For more, we’re going to Quito, Ecuador, where we’re joined by Denisse Herrera, the Ecuador correspondent for teleSUR.

Welcome to Democracy Now! Denisse, can you just start off by talking about the situation in Ecuador, one of the hardest-hit countries in Latin America?

DENISSE HERRERA: OK. Hello. Thank you for this interview. As was said before, we saw on social media the epicenter of this pandemic in Ecuador is the province of Guayas, is the coast of Ecuador, and mainly the city of Guayaquil is the most city where people are really facing difficult moments. As we saw before, people are denouncing that they didn’t receive any help from the authorities.

But I think that it’s important to say here what happened with the health system in Ecuador. If we hear before also that the ex-minister of health, Catalina Andramuño, said that she didn’t receive any economic help from the authorities to face this sanitary crisis, we hear before that also the government are saying that they are taking all the measures to prevent this coronavirus situation. But Guayaquil is facing a really difficult moment. Is it true the government is saying that there is a communication, a strategic community, against the government, leading by former President Rafael Correa? So they are trying to say that most of this history, that we hear, that we saw, that we know that it is true, is a lie. People are dying in the streets, people are dying in their home, because they didn’t receive any health assistance, but they didn’t receive any help from the authorities. So, it’s a real history. But now we don’t know if the government will do something to stop the situation. The government are saying that they are taking all the measures.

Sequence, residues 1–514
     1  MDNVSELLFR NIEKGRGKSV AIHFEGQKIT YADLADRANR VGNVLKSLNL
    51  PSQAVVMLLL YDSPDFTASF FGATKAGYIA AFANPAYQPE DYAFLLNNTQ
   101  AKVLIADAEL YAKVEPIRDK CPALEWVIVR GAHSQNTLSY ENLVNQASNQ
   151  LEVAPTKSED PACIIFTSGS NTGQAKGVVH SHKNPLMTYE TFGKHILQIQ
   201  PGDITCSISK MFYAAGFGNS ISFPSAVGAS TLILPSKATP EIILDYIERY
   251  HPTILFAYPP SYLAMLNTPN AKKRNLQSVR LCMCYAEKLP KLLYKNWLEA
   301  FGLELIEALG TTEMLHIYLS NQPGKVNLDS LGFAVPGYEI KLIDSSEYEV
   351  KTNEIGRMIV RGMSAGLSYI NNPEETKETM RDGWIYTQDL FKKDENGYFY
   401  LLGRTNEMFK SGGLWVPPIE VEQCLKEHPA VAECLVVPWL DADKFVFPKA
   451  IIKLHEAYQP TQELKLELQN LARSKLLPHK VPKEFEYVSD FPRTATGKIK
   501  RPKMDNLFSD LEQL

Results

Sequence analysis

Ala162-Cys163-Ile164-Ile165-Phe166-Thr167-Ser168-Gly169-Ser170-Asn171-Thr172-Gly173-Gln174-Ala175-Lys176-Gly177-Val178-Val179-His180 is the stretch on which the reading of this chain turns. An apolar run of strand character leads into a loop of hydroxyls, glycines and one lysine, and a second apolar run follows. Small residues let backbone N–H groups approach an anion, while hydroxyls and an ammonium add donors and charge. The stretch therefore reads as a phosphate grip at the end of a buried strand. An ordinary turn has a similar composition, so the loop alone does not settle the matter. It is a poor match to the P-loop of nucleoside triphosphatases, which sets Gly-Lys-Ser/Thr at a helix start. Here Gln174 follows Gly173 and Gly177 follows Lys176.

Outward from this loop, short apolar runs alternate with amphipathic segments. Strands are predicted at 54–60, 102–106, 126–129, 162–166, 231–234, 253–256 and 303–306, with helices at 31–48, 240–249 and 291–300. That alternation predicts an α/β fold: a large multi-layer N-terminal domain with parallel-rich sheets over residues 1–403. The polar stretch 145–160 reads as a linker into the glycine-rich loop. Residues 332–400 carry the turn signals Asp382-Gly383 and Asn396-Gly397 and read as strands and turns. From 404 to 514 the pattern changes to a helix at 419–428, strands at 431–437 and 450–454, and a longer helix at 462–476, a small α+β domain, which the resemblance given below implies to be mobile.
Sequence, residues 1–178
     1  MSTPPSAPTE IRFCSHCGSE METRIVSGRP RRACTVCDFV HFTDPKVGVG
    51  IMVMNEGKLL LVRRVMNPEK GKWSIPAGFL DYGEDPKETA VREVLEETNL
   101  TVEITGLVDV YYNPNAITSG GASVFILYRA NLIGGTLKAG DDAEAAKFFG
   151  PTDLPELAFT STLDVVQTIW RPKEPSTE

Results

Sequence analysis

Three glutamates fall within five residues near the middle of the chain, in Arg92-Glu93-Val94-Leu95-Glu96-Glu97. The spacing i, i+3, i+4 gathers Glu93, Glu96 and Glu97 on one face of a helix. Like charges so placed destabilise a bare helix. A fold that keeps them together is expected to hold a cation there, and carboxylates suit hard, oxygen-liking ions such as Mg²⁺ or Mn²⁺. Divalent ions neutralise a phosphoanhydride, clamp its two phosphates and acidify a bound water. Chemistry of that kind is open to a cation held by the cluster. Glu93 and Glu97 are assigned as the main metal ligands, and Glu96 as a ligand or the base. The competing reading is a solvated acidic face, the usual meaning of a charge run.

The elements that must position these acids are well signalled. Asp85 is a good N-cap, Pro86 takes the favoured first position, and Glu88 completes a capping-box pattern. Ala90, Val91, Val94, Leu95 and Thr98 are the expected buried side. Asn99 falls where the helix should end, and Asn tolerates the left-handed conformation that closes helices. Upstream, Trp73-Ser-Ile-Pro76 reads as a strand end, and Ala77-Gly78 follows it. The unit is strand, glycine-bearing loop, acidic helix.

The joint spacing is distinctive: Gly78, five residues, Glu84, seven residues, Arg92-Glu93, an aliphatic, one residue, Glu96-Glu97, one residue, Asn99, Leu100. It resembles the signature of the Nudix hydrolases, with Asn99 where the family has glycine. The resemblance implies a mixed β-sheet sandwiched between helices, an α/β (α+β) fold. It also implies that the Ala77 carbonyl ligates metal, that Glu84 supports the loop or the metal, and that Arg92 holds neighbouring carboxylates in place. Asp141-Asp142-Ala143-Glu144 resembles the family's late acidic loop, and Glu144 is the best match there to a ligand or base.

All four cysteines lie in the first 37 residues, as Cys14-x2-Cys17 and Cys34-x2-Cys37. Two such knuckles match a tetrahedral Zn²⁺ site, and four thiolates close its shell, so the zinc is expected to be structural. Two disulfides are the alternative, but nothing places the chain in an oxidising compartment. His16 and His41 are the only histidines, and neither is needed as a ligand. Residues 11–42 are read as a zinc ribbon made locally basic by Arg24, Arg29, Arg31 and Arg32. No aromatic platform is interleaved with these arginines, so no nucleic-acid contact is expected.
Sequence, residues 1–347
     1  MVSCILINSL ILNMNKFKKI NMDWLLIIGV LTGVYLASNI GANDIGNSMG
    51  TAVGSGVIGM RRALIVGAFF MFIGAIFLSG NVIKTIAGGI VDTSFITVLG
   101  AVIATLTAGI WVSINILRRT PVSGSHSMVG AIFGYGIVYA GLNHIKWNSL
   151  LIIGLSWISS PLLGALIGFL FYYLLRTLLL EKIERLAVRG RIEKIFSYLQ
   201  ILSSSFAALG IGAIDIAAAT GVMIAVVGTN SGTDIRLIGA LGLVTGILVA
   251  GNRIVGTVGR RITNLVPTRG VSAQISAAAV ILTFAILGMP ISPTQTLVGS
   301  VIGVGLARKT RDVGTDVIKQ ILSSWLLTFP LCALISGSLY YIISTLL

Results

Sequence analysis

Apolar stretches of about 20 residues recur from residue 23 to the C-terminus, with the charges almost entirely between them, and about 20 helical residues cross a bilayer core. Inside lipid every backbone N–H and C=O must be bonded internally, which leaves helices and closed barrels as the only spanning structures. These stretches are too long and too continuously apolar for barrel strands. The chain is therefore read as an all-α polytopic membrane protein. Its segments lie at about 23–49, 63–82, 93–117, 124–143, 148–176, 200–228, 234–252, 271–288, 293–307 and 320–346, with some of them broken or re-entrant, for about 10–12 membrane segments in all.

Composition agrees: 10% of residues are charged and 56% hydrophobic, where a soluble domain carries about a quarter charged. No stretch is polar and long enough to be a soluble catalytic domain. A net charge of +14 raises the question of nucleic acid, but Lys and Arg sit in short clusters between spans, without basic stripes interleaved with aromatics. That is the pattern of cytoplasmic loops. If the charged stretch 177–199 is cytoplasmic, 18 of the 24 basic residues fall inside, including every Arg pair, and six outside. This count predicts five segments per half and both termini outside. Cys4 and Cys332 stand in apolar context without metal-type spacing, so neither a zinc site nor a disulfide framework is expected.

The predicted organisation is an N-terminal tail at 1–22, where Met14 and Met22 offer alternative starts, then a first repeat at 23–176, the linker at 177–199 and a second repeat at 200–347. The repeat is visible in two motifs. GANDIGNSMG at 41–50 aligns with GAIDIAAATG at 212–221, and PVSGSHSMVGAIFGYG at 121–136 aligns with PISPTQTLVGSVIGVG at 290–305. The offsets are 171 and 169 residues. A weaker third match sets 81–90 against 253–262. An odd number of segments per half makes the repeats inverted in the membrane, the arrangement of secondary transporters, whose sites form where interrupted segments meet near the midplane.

Also, the mayor of Guayaquil, Cynthia Viteri, said that they — she announced that she will begin with the construction of two cemeteries in Guayaquil. But we don’t know when this starts or where or how this can help the people. I mean, people are dying. They want to give their families, their relatives a dignified burial. But the government is not accepting what is really happening. At the beginning of this crisis —

JUAN GONZÁLEZ: And, Denisse —

DENISSE HERRERA: Yeah.

JUAN GONZÁLEZ: Denisse Herrera, I wanted to ask you about the impact of the austerity measures imposed by the IMF last year after a big $4.2 billion IMF loan under President Moreno. How has that had an impact on the basic government services, especially healthcare?